Study Says Successful Efforts To Reduce Violent Crime Can Bring Cities Significant Budget Savings, Increased Revenue & Benefits For Residents; Greatest Economic Benefits Come By Increased Property Values
Study is from Center for American Progress, founded/headed by former Clinton Chief of Staff John Podesta
|(Oct. 8, 2012) -- A study by the Center for American Progress -- whose leadership includes prominent Democrats and establishment figures -- has concluded that successful efforts to reduce violent crime can generate significant savings for municipal budgets and large benefits for residents, and the biggest apart from increases in their housing values."
The study, titled "The Economic Benefits of Reducing Violent Crime: A Case Study of 8 American Cities" notes:
In today's tight fiscal and economic environment, the mayors and city councils of every city -- along with state and the federal governments -- are searching for ways to reduce their spending and expand their revenues. The common challenge is to achieve sustainable fiscal conditions without hobbling government’s ability to provide the vital goods and services that most Americans expect, all without burdening businesses and families with onerous new taxes. This analysis provides another way available to many American municipalities: Secure budget savings, higher revenues, and personal income and wealth gains by reducing violent crime rates...
And the study found the greatest economic benefits from reducing rates of violent crime come in increased property values. Citing as examples eight major American cities [not including L.A. or LB], the study found that "on average, a reduction in a given year of one himicide in a zip code causes a 1.5 percent increase in housing values in that same zip code the following year." Applying the figures to eight studied cities [not including L.A. or LB], the study found that increases in the value of housing stock ranged from $600 million in Jacksonville and the surrounding area to $800 million in the Milwaukee area, to $3.2 billion in Philadelphia and the surrounding suburbs, and $4.4 billion in the Boston area..."
The study's findings are similar in some respects to an April 2010 Rand study, Hidden in Plain Sight: What Cost-of-Crime Research Can Tell Us about Investing in Police, which differed in scope and methodology and cited the results of multiple previous studies in concluding that investment in police can generate substantial social returns.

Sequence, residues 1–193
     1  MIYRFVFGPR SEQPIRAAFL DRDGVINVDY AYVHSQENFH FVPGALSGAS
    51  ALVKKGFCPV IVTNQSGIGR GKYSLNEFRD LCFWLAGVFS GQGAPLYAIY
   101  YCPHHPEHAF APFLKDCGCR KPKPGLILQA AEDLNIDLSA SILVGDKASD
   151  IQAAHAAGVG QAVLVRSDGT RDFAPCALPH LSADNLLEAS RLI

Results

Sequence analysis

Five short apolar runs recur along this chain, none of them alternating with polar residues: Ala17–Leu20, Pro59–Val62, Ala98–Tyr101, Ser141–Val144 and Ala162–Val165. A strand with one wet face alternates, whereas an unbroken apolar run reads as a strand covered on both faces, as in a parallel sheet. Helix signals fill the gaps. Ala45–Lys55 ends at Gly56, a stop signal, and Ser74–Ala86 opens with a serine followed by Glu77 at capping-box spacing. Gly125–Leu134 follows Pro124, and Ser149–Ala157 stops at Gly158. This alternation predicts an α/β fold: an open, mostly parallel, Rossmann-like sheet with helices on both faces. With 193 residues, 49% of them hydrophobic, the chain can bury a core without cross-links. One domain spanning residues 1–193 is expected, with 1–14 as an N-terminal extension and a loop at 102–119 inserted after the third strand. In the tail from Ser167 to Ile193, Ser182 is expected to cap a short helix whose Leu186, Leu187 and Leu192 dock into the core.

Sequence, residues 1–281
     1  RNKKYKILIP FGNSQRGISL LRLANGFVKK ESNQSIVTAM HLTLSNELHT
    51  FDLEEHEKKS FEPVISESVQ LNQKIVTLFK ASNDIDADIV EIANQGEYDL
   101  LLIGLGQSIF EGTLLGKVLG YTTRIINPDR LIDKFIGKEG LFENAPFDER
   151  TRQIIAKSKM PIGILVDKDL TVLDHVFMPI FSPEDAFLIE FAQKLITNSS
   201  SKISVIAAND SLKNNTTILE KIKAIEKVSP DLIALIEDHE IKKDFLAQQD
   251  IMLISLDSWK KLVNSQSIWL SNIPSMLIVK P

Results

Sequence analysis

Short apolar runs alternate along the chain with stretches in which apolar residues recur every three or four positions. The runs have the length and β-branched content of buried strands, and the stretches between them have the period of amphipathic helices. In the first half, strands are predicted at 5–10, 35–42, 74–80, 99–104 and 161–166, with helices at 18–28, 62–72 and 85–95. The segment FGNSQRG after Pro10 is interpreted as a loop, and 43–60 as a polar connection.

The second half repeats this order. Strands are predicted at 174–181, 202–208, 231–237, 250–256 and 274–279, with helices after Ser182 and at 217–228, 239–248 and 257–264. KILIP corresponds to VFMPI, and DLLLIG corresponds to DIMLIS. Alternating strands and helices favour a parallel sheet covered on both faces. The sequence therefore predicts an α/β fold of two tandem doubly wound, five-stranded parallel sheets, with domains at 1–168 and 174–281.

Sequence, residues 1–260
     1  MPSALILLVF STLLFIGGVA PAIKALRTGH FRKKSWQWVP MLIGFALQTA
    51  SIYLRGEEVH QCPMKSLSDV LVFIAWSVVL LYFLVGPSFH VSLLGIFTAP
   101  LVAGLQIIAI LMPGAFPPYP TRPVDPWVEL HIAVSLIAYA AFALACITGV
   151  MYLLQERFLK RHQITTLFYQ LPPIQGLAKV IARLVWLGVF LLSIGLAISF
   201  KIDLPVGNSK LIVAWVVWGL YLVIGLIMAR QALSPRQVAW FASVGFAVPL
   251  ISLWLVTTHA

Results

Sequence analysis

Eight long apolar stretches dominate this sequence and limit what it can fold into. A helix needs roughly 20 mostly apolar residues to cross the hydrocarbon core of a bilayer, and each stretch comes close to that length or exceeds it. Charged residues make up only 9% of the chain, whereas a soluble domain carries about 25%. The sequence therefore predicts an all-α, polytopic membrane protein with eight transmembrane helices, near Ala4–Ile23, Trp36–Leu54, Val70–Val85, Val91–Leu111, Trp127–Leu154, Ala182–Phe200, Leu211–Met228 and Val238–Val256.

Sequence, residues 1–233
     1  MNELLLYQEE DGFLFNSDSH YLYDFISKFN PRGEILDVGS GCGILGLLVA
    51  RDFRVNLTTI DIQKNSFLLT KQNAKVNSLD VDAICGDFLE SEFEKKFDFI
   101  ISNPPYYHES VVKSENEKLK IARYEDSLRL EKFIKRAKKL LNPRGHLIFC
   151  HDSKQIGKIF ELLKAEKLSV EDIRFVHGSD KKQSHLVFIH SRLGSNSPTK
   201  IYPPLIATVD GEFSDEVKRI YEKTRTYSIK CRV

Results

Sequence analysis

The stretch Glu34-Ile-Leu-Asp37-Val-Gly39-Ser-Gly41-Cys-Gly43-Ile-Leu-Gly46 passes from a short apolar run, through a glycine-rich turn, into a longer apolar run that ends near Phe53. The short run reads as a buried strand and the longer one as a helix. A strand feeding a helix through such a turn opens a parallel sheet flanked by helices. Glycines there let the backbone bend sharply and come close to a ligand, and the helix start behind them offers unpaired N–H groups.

In the introduction and summary to the latest study, authors Robert J. Shapiro (chairman of Sonecon, LLC, senior fellow at Georgetown University's McDonough School of Business, chair of the U.S. Climate Task Force) and Kevin Hasset (director of economic policy studies and resident scholar at the American Enterprise Institute) write in pertinent part:
Violent crimes are costly. Murders, rapes, assaults, and robberies impose concrete economic costs on the victims who survive as well as the families of those who lose their lives, in the loss of earnings and their physical and emotional tolls. Violent crimes also impose large costs on communities through lower property values, higher insurance premiums, and reduced investment in high-crime areas. In addition, violent crimes impose significant costs on taxpayers, who bear the financial burden of maintaining the police personnel and operations, courts, jails, and prisons directed toward these crimes and their perpetrators...
For the study's full Introduction and Summary, click here.
For the full study, click here.
On its website, the Center for American Progress says it was founded in 2003 by John Podesta, former Chief of Staff to President Clinton, to "provide long-term leadership and support to the progressive movement." The group's Exective Committee includes Neera Tanden (formerly with Clinton and Obama administrations) and Carol Browner (Clinton administration EPA Administrator). Its Distinguished Senior Fellow is former Senator (former Majority Leader) Tom Daschle (D., SD).
Contact us: mail@LBReport.com
Signal Hill Petroleum
Hardwood Floor Specialists
Call (562) 422-2800 or (714) 836-7050
Contact us: mail@LBReport.com